L.A. Artist Installs Paper-Mache Sunbathers on Downtown Dirt Plot Abandoned Since 2007
Update, Thursday, 3 p.m.: "Mysterious Case of the Downtown L.A. Sunbathers, Solved!"
Here's one way to comment on long-neglected construction blight: Put some paper-mache on it!
Perhaps frustrated, like the rest of us, that it has taken the federal government five years (and counting) to figure out what they're doing with the plot of dirt at 1st and Broadway, an unidentified street artist has installed three lifelike sunbathers in the dust. And voila...
... we're transported from a muggy, beat-up downtown intersection to a Westside family vaycay. The piece claims an immediate spot among L.A.'s best street-art statements -- all social disaster bathed in sunshine.
"I was thinking: Who'd want to sit in a fenced-in area, on rocks," said a passerby to the Los Angeles Times. "There's no shade, no water -- and they even brought a child! ... But I'm glad it's not real."
They're actually kind of similar to L.A. artist Ramiro Gomez's cardboard cutouts of migrant workers, which he plants on Beverly Hills lawns to see if anyone will notice. Only this time, the Westsiders have been transplanted to the Eastside.
Their sunning spot at 1st and Broadway has been abandoned since 2007, when the Junipero Serra State Office Building was demolished for its earthquake damage. Since then, it's become a breeding ground for blight and brush. Sometimes even ducks, when the rains come. (Which is adorable, of course, but also very pathetic from an urban-planning standpoint.)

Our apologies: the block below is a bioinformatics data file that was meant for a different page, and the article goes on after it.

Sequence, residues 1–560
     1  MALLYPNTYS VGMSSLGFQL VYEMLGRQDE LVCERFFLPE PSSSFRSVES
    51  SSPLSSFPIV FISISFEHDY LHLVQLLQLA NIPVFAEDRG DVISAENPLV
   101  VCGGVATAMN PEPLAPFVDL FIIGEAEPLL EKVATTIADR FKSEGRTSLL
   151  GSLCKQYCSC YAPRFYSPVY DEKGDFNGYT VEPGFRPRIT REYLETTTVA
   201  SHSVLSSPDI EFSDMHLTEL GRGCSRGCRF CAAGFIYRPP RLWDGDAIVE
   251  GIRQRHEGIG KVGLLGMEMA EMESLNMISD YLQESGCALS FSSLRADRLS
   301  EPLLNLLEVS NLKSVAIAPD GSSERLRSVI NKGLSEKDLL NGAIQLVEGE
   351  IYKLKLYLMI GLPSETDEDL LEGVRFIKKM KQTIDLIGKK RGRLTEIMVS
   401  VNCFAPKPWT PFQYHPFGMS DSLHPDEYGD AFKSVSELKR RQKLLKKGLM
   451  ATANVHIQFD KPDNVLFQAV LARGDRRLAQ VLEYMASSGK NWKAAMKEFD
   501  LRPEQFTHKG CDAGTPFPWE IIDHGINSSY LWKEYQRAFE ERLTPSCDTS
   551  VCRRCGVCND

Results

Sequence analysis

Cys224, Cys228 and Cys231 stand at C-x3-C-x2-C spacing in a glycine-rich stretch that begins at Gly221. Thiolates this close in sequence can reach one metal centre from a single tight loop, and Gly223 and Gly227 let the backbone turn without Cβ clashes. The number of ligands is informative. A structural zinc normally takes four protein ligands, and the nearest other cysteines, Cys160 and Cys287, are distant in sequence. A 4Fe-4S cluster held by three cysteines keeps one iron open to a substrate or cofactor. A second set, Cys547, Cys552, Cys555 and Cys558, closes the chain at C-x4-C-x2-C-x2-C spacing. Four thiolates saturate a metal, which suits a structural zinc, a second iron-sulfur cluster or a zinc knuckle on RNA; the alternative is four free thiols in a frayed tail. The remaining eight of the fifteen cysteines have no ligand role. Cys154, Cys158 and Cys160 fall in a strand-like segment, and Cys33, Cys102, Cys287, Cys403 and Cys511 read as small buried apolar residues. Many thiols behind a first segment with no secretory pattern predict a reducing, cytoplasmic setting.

Here it is, pre-sunbathers:
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So what's the holdup?
The U.S. House of Representatives, led by Rep. Jeff Denham (R-Turlock), has been battling the General Services Administration's big plans to build a federal courthouse at the site.
Denham claims the courthouse is a "superfluous" and "unnecessary" waste of $400 million in taxpayer dollars. He recently managed to get a bill through the House -- though it'll have a harder time in the Senate -- that would block the funds the courthouse needs to operate.
The congressman said in a recent press release that he...
"... personally toured the LA Courthouse facilities in Los Angeles and found that there is vacant space currently not being used in the Roybal and Spring Street buildings. ... ALL of the judges currently in Los Angeles can fit in Roybal. This country is $15 trillion in debt, and GSA continues to waste millions of dollars on a project no one needs."
Yet still, in an act of defiance, the GSA is going ahead with architect bids and generally pretending like nothing's wrong in the slightest.
No matter which side you're on, it's clear the White House bicker sesh isn't doing anything for ground-level Los Angeles, stuck eternally with this chain-linked sore thumb at a major downtown intersection.
It's really quite embarrassing -- but nothing a few paper-mache mannequins can't fix. We've contacted a few street-art friends for clues as to who might be behind so much wonderful.
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